(CBS/AP) The U.S. military reported Saturday the deaths of seven more American soldiers from roadside bombings near Baghdad. Sunni insurgents bombed another market in a predominantly Shiite district, killing at least 13 people in a bid to terrorize Baghdad before a U.S.-Iraqi crackdown.
The U.S. deaths raised to at least 12 the number of service members killed in the past three days. The most recent seven deaths were the result of roadside bombs, two in Diyala province, two in Baghdad and three others at an unspecified location north of the capital.
The deaths raised to at least 3,079 the number of U.S. service members who have died since the beginning of the Iraq war in March 2003, according to an Associated Press count. The figure includes seven military civilians. At least 2,471 died as a result of hostile action, according to the military.
The latest market attack capped a week in which more than 150 people, mostly Shiites, were slain in bomb attacks.
Death squads, believed to be primarily Shiite militiamen, continued their butchery on the other side of Iraq's deepening sectarian divide, with police reporting the discovery of 40 bodies dumped in Baghdad alone. Two of the victims were women and most of the bodies showed signs of torture, police said.
In all, at least 61 victims of Iraq's sectarian warfare were killed or found dead across the country.
U.S. airstrikes killed 14 insurgents and destroyed a safe house for foreign fighters during a raid south of Baqouba, 35 miles northeast of Baghdad. Two suspects were captured, the military said.
The Americans said the raid had targeted a foreigner they believed responsible for a series of attacks on U.S. and Iraqi forces in the extremely violent Baqouba region. The military there has been caught in the midst of some of the bloodiest sectarian fighting of the war.
Saturday's bombings employed what has become a classic insurgent tactic. First a suicide car bomber drove into the crowded market stalls in the busy New Baghdad commercial area shortly after noon, then detonated his explosives among the stores and kiosks selling food, clothes, household appliances and birds.
As people rushed to help the victims, a parked car bomb exploded. The 13 killed included two policemen; four officers were among the 42 wounded, police said.
Burned-out hulks of cars and vans littered the market. A bag of fruit lay in the twisted metal on the bloody pavement.
Farooq Haitham, the 33-year-old owner of a watch repair shop, said the area had been targeted by bombers before but shopkeepers had no choice but to keep opening their doors.
"What can we do? We want to live. We need the money so we come to work," Haitham said.
It was the latest in a series of attacks against commercial targets, in which more than 150 people have died since last Sunday. The attack signals a tough battle ahead as U.S. and Iraqi forces prepare for the security operation, a third bid to pacify the capital since Prime Minister Nouri al-Maliki took power on May 25.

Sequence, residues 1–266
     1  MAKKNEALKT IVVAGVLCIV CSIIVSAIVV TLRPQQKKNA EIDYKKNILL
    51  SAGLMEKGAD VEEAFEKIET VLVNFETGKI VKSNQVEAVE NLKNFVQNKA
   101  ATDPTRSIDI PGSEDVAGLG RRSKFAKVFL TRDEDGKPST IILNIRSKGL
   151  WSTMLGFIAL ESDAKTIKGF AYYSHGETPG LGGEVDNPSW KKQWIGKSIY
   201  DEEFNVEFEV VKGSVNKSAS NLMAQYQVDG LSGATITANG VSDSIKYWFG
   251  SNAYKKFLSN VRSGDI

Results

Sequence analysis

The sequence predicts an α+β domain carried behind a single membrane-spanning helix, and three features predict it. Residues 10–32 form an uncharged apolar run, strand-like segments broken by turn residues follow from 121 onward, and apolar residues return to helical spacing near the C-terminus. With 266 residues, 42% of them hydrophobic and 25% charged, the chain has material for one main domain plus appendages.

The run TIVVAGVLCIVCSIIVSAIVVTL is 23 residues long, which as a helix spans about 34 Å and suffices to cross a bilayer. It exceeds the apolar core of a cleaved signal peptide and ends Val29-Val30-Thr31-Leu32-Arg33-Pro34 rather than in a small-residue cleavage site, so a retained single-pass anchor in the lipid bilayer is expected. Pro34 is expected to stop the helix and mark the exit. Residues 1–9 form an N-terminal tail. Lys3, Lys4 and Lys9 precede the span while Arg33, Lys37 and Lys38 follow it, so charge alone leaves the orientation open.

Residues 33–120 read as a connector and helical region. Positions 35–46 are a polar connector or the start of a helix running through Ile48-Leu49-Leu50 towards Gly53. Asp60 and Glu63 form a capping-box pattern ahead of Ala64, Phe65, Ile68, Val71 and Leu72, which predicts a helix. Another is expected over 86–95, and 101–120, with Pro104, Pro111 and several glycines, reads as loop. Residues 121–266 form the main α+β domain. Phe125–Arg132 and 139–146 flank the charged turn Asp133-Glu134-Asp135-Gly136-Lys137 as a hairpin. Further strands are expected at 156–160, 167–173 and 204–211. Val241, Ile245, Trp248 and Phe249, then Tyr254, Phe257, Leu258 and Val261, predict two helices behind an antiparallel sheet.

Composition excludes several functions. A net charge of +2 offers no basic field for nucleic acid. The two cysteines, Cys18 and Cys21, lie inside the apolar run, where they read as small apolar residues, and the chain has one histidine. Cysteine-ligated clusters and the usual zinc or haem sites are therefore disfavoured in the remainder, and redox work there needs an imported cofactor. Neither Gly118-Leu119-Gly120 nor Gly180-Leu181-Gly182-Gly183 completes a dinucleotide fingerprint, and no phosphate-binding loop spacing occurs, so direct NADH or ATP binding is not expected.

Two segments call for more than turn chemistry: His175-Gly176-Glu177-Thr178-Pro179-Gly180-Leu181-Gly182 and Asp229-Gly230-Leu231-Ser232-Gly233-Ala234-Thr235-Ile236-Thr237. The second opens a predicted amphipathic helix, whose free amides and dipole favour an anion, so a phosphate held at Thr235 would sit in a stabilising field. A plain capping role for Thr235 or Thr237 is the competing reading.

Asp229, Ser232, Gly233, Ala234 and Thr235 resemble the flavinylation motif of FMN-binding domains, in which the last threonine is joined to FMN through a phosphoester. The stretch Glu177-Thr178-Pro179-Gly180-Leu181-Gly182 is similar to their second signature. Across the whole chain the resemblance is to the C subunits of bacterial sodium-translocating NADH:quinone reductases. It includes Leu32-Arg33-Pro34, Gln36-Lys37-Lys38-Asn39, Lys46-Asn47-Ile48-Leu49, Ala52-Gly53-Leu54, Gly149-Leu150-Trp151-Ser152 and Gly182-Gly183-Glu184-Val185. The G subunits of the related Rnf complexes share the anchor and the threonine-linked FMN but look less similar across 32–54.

The week's deadliest attack killed 88 people Monday when a suicide car bomber crashed into a market in the central neighborhood of Bab al-Sharqi.
In central Baghdad, police said armed men in police commando uniforms and driving cars with license plates commonly used by the Interior Ministry raided a computer shop in a Christian section of the Sina'a neighborhood. They took away four employees and three customers.
"The group pointed their guns at the victims and the passers-by, then they forced the victims into the cars and they sped away," Younis Kadhim, 36, who owns a small restaurant nearby.
In Other Developments:
On Saturday, at least one rocket struck Baghdad's heavily fortified Green Zone, and two people suffered minor injuries, U.S. Embassy spokesman Lou Fintor said, as a U.S. government public address system could be heard warning people to "duck and cover" and to stay away from windows. The blast sent a plume of smoke into the air and thundered across central Baghdad shortly before sunset, about the same time as Thursday's rocket attack on the Green Zone, the site of the U.S. and British embassies, the Iraqi government and thousands of American troops. Six people were wounded, none seriously, in that attack.
Two mortar shells also slammed into a residential district in the western Baghdad neighborhood of Hurriyah, killing two people and wounding seven others.
A A parked car bomb targeting an Iraqi army patrol exploded in Mosul, killing one civilian and wounding another.
The bodies of five men also were pulled from the Tigris River in Suwayrah, 25 miles south of Baghdad, according to a morgue official. Bodies are found regularly floating in the river downstream — sometimes scores in a single day — most of them believed to have been abducted and killed by sectarian death squads.